Lexis: more exotic loanwords & related issues
What happens when a word
· comes from an unrelated and unfamiliar language
· is borrowed orally
o the case of coffee (with thanks to student Z.P.)
Coffee seems to have come from the Turkish pronunciation kahveh of the Arabic word qahwah, the latter
· denoting the drink, not the plant (bunn ‘berry, bean’)
· originally meaning ‘wine’
· perhaps referring to a place where the coffee plant grows, Kaffa, in Ethiopia
There are different European forms
· Italian caffè, French, Spanish, Portuguese cafē, German kaffee, etc.
· Dutch koffie, earlier German coffee, koffee
And many different spellings
· caoua, cahve, cahu, etc.
· coffa, caffa, capha
· caphe, cauphe, cophie, etc.
o oral borrowing
o from an unrelated and unfamiliar source language
§ OED will subclassify forms with Greek letters: ‘alpha’, ‘beta’, ‘gamma’ etc.
Word comes into English (and all European languages) around 1600
Earliest citations in travel literature, e.g.
· 1598 Linschoten’s Trav. The Turkes holde almost the same manner of drinking of their Chaoua, which they make of a certaine fruit by the Egyptians called Bon or Ban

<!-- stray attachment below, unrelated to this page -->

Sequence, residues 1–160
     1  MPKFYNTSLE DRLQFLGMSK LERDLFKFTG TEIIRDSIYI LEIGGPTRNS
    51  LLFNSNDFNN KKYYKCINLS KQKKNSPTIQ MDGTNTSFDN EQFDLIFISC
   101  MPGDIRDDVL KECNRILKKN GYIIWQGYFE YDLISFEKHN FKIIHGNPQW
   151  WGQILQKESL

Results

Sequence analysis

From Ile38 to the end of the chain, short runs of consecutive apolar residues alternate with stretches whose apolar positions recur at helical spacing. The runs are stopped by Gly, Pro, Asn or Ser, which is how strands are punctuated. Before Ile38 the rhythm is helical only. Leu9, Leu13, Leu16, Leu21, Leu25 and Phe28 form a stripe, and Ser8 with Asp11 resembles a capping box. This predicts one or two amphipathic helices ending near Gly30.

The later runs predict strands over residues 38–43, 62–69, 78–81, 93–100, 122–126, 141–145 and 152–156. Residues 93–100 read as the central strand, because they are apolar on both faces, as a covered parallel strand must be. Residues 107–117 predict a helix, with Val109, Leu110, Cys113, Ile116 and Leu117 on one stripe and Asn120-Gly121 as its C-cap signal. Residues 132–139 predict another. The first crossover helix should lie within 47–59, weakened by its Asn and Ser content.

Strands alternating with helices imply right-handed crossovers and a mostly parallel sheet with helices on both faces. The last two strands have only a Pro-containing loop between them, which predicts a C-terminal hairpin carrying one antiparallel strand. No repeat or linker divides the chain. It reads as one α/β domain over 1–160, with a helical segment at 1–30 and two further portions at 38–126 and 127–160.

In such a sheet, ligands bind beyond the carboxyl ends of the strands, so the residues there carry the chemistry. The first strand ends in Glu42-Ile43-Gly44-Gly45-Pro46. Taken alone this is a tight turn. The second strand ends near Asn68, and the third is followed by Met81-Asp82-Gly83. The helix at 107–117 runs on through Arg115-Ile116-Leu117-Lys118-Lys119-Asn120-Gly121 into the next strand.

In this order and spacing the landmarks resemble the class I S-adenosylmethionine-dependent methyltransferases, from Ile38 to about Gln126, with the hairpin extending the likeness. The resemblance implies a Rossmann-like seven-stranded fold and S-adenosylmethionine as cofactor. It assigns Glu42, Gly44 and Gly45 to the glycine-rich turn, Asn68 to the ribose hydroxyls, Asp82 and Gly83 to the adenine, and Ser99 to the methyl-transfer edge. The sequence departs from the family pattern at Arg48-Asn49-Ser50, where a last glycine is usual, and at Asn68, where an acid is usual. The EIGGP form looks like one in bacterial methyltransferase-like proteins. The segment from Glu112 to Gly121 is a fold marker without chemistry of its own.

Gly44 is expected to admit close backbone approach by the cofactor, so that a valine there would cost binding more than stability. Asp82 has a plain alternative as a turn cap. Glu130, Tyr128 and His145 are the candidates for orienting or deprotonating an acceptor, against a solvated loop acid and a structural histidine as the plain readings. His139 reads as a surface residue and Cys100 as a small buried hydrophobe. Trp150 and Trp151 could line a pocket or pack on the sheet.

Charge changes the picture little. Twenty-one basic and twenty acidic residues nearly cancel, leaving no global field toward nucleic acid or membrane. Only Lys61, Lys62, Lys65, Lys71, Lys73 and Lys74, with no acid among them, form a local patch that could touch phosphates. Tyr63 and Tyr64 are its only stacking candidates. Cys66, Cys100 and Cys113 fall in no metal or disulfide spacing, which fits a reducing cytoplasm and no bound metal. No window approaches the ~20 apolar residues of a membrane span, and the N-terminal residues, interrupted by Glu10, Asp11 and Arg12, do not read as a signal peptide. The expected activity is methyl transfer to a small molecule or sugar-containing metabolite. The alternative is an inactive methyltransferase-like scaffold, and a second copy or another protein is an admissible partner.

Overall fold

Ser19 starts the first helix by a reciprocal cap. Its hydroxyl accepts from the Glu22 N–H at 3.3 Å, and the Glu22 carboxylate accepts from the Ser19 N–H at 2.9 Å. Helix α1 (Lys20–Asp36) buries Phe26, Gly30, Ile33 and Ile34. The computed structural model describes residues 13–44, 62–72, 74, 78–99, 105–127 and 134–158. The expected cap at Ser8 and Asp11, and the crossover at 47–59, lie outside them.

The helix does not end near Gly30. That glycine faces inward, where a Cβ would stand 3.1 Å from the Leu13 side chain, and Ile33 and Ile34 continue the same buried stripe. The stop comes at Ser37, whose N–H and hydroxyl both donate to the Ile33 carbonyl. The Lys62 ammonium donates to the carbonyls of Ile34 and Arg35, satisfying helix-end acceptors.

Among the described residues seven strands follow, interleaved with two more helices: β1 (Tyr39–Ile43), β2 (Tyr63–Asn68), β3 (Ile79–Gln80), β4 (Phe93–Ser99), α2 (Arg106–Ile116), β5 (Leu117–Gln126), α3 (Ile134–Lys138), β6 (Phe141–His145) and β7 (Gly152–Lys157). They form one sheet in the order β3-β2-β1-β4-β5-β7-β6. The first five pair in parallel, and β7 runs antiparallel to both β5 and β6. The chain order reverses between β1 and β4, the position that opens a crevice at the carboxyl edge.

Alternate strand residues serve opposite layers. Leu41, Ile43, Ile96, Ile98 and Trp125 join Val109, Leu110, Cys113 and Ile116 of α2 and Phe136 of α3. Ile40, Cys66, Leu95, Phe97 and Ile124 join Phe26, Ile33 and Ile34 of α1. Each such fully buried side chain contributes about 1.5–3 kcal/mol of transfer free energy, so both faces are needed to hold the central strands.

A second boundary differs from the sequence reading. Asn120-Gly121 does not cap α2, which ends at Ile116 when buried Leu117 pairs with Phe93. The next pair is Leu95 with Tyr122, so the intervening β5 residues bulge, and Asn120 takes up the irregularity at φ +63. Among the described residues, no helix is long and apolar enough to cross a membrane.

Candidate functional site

· 1601 W. Parry Sherley’s Trav. A certain Liquor which they call Coffe … which will soon intoxicate the brain.
· 1603-30 Capt. Smith Trav. & Adv. Their best drinke is Coffa of a graine they call Coava
o definitions and descriptions signal the word’s unfamiliarity
Mid-17th century citations chart its introduction to England
· 1636 Evelyn, Memoirs There came in my time  to the College, one Nathaniel Conopios, out of Greece. He was the first I ever saw drink coffee; which custom came not into England till thirty years after.
Quickly integrated: by the 1660s it’s familiar (“our Cophee”)
· 1664 Evelyn, Sylva Which might yet be drank daily as our Cophee is
· 1665 G. Harvey, Advice agst. Plague Coffee is recommended against the Contagion
Helpful citations under coffee-house: 1650 or before?
1615 G. SANDYS Trav. I. 66 Coffa-houses [in Constantinople]..There sit they chatting most of the day, and sippe of a drinke called Coffa.
1656 BLOUNT Glossogr., Cauphe-house, a Tavern or Inn where they sel Cauphe.
1664 PEPYS Diary 24 Nov., To a coffee-house, to drink jocolatte.
a1672 WOOD Life (1848) 48 This yeare  Jacob a Jew opened a coffey house at the Angel in the parish of S. Peter in the east, Oxon.
And by the next century it’s a familiar point of reference
· 1702 W.J. Bruyn’s Voy. Levant. The most usual Liquor … Kahue, which we call Coffee
o unaware that the words are related?
· compounds: coffee berries, coffee plantation
· compounds for coffee paraphernalia: coffee dish, coffee mill (C17th), coffee cup (C18th)
· metonym: coffee ‘light meal at which coffee is taken’ (c18th) (cf tea)